Even if you’re stopped at a light.

Or you just need to check the score.

Or your kid is texting you.

Or to tell someone you are running late.

Remember that first time with a newborn? You would do anything to keep them safe. Things haven’t changed. So when that phone rings while you’re driving…you know what not to do.

No More Excuses

It is against the law for Washington drivers to use hand-held cell phones while they are driving. This includes all electronic devices, even tablets, laptops and video games. Tickets for driving while using hand-held electronics will go on your record and be reported to your insurance provider.

More information, videos, statistics, and more.

Using a Personal Electronic Device While Driving

RCW 46.61.672

Dangerously Distracted Driving

RCW 46.61.673

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No hand-held cell phone use while driving

  • Even when stopped in traffic or at a traffic light
  • No typing messages or accessing information
  • No watching videos or using cameras
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Electronics DUI (E-DUI) ticket cost

A Driving Under the Influence of Electronics ticket, an E-DUI is the type of ticket drivers will receive if pulled over for using a hand-held electronic device while driving. The cost for receiving an E-DUI increases with each infraction. All violations will be available to your insurance company.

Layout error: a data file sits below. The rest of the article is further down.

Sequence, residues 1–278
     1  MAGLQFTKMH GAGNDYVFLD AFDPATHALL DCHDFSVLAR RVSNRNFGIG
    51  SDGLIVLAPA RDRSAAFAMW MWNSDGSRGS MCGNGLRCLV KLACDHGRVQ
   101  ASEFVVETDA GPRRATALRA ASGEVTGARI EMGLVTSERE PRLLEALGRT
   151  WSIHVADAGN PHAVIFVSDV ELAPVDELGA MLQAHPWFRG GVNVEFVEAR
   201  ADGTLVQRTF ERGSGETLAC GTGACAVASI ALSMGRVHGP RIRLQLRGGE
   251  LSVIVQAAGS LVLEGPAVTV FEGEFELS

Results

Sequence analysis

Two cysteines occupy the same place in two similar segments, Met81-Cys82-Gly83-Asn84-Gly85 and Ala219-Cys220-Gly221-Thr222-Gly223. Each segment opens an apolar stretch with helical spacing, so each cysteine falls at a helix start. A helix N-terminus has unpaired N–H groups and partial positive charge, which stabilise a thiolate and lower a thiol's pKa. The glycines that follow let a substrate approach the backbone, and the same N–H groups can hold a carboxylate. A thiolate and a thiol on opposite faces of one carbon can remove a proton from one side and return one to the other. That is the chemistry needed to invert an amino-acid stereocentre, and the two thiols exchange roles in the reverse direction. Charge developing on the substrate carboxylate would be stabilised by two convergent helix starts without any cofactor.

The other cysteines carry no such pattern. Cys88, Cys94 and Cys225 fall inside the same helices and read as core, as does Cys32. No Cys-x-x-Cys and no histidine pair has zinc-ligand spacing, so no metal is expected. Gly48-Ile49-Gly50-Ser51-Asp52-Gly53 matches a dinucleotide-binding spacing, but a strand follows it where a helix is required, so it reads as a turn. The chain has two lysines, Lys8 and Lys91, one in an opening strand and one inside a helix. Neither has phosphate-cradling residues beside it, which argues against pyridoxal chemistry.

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Dangerously distracted

“Dangerously distracted” means a person who engages in any activity not related to the actual operation of a motor vehicle in a manner that interferes with the safe operation of such motor vehicle on any highway. If the driver does commit a traffic offense because the driver is dangerously distracted, then they are subject to an additional $99 fine.

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You CAN use your device if you are:

  • Hands free (such as using Bluetooth) and can start use by a single touch or swipe without holding the phone)
  • Parked or out-of-the-flow of traffic
  • Starting your GPS or music before you drive
  • Contacting emergency services
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NOT included in the law:

  • Transit and emergency vehicle drivers are exempt.
  • Drivers of commercial vehicles must follow federal
  • Two-way radio, citizens band radio, or amateur
    radio equipment are not included in the law.
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  • Fatalities from distracted driving increased 32
    percent from 2014 to 2015 in Washington.
  • 71 percent of distracted drivers engage in the most
    dangerous distraction, cell phone use behind the
  • One out of four crashes involves cell phone use just
    prior to the crash.


Pass your phone to the passenger. Put it in the glove box. Turn it off before you drive.